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Blaming Immigrants Won’t Solve the Problem
Julieta Velasquez
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This country was built by immigrants. But the topic of immigration has always sparked strong emotion—and a lot of misinformation. Too often people hear “illegal immigrants” and associate those people with crime and corruption. Media focus primarily on the problems immigrants bring to the United States and not the benefits. We see frightening images on the news of immigrants portrayed as criminals or rounded up like cattle and taken away by immigration officials.

The reality is that most immigrants didn’t come here to become criminals, take the jobs of citizens, or to live off of the government. Those in developing countries may not always have access to health care, education, food, or even a stable home. There are countless stories about poverty, persecution, oppression, and war driving people to the United States. Americans who complain about immigration should ask themselves what they would do under the same desperate circumstances.

With the unemployment rate so high—8.5%—it’s easy to imagine that deporting the eight million undocumented immigrants who work in this country would create more jobs for Americans. But that’s not really true, according to a 2010 article by FactCheck. The article highlights research by economists showing that undocumented immigrants usually don’t compete with American workers, who seek higher-skilled jobs with better pay and benefits. (The one group of Americans hurt by illegal immigration are people without high school diplomas, since they tend to have lower skills.) And because immigrants, like other residents, buy things in the community, they often create more jobs for Americans as businesses expand to meet the increased demand for products and services.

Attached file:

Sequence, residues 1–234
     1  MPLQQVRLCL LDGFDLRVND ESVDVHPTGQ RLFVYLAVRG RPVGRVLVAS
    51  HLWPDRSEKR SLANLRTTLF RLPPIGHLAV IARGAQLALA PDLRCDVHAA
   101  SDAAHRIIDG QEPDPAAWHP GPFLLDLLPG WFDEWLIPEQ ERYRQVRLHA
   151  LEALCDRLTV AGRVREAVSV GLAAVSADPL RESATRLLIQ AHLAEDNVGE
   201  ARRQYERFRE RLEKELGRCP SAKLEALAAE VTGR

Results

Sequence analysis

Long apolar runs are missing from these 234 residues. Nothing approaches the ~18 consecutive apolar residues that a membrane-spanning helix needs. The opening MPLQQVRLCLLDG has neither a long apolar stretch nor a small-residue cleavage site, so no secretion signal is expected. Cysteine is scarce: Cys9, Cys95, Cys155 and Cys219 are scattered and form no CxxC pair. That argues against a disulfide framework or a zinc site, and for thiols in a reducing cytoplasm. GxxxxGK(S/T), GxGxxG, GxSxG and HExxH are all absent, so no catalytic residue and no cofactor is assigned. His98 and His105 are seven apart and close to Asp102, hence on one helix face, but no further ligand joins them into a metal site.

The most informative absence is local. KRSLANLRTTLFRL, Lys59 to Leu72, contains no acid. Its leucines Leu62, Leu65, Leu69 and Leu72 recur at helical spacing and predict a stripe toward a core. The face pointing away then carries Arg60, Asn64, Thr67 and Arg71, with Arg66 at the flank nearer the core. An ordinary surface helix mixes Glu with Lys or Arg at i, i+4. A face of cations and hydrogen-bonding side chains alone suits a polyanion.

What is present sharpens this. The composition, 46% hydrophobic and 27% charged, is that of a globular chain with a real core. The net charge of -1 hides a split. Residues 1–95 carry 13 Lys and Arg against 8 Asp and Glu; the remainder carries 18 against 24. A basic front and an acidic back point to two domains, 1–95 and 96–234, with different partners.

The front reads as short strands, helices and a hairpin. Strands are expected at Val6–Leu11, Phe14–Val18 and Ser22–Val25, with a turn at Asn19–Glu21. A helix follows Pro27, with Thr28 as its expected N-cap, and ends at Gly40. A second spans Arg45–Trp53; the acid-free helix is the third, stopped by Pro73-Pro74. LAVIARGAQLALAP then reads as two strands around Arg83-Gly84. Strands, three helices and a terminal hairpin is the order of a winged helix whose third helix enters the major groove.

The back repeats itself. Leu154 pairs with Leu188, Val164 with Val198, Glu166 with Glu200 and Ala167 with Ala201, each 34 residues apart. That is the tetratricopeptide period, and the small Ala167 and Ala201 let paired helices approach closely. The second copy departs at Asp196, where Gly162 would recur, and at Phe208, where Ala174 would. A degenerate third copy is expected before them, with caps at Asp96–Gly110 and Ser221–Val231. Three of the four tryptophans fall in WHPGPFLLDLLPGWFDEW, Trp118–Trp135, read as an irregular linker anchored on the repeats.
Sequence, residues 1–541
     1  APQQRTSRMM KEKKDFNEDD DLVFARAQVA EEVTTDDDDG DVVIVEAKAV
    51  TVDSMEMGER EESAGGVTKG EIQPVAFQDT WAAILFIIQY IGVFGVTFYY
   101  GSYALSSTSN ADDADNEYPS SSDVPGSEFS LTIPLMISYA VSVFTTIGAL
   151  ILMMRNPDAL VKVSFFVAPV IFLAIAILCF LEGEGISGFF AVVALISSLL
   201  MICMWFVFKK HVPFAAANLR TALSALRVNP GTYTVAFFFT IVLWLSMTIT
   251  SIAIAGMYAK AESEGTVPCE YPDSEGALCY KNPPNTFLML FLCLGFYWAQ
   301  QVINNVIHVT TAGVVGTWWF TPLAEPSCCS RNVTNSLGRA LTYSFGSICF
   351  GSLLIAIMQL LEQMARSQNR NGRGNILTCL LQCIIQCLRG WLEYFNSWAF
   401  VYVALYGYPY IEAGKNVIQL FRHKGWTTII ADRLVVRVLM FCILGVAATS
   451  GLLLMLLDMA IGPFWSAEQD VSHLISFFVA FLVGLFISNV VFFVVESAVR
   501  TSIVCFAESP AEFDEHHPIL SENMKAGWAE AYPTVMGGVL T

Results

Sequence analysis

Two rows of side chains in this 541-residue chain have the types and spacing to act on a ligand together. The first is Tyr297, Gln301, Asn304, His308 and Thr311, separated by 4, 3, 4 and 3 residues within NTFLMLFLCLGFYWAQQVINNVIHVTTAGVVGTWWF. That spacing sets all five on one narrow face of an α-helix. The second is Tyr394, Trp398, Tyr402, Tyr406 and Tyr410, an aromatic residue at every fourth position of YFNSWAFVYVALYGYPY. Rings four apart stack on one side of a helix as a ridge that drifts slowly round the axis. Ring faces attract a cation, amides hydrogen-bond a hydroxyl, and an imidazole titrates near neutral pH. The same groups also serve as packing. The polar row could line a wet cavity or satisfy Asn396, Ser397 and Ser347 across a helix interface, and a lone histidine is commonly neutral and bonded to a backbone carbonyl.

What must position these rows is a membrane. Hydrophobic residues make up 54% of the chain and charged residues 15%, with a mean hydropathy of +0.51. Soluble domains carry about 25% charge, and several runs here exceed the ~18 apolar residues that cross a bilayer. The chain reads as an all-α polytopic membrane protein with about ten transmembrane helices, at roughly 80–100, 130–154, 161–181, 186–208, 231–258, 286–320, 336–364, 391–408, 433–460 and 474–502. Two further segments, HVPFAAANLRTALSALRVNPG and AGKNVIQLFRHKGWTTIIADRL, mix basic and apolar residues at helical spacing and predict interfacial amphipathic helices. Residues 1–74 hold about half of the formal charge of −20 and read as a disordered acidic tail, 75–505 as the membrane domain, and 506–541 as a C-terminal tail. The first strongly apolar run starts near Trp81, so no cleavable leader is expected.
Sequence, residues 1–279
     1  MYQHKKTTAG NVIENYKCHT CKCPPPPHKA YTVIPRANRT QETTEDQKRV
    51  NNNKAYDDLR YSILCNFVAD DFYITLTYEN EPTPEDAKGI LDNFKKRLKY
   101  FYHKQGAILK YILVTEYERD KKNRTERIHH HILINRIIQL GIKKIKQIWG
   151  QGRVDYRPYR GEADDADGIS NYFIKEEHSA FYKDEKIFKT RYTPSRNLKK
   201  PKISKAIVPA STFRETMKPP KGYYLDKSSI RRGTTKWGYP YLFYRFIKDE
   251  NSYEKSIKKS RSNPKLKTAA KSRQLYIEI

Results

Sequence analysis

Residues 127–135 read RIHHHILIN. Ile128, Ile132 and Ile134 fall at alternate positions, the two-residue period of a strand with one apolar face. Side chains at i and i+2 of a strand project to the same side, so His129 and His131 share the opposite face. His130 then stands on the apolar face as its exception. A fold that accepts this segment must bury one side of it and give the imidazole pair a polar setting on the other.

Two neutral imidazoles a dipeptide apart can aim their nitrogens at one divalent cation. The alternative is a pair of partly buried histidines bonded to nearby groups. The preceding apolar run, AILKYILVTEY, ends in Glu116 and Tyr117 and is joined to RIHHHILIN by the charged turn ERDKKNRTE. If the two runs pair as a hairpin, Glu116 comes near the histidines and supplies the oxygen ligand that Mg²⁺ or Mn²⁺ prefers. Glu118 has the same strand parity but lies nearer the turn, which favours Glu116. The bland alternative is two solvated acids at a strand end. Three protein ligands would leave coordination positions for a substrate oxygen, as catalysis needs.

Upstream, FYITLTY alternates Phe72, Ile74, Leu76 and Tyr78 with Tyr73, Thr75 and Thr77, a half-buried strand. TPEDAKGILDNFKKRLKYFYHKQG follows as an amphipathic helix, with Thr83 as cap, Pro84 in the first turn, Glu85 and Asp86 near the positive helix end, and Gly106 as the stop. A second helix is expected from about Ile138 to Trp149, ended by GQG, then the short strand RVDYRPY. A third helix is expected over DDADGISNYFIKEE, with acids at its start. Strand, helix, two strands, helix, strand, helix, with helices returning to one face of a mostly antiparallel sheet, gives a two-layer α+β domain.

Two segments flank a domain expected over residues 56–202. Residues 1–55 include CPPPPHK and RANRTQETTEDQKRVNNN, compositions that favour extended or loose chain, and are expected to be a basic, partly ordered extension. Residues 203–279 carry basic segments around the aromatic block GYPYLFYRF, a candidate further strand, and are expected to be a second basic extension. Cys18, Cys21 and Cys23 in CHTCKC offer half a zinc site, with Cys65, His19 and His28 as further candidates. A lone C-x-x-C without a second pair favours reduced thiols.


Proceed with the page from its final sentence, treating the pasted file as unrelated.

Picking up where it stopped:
Deporting all of these hard-working people who fill low-skilled jobs in U.S. industries like agriculture, restaurants, and construction would harm the economy because businesses would lose workers. That happened in Alabama, which last year passed a very restrictive immigration law. The law states that no employer is allowed to hire illegal immigrants under any circumstances, that schools should do background checks on new students, and that residents must prove their legality when applying for a driver’s license or a job.

Many immigrants fled the state, and schools have reported a significant number of absences. A large number of immigrants stopped showing up to work, too scared to even leave their homes. The Associated Press reported in October that some frustrated business owners were complaining about the law. American workers hired to replace the immigrant workers quit within a few days due to the strenuous labor and low wages. As a result, productivity for many Alabama businesses dropped.

The immigration system is flawed, but instead of making scapegoats out of immigrants, the U.S. should conduct a serious system cleanup. Many Americans worry about immigrants using public services and welfare. While some immigrants, like some American citizens, may take advantage of the system, it’s a misconception that most immigrants who come here live off the government.

The United States could do a better job of protecting these systems from fraud and abuse by conducting thorough background checks on welfare applicants. That’s a better idea than punishing hard-working immigrants who contribute to the economy.

A recent article in The Nation magazine shed light on a side of the immigration issue rarely discussed in this country: how U.S. policies sometimes ignite immigration. Since the North American Free Trade Agreement (NAFTA) exposed Mexican markets to U.S. imports in the 1990s, things haven’t been the same for Mexican business owners and workers. American companies have put many Mexicans out of work, causing them to migrate to the United States in search of employment.

Our focus on the immigrants themselves is too narrow. We need immigration reform that looks at how our country is affecting the economies of other countries, and ask ourselves whether or not it really makes sense to blame immigrants for our economic problems.

This story is part of the media/news literacy series, which is generously supported by the McCormick Foundation.

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(NYC-2012-01-06b)

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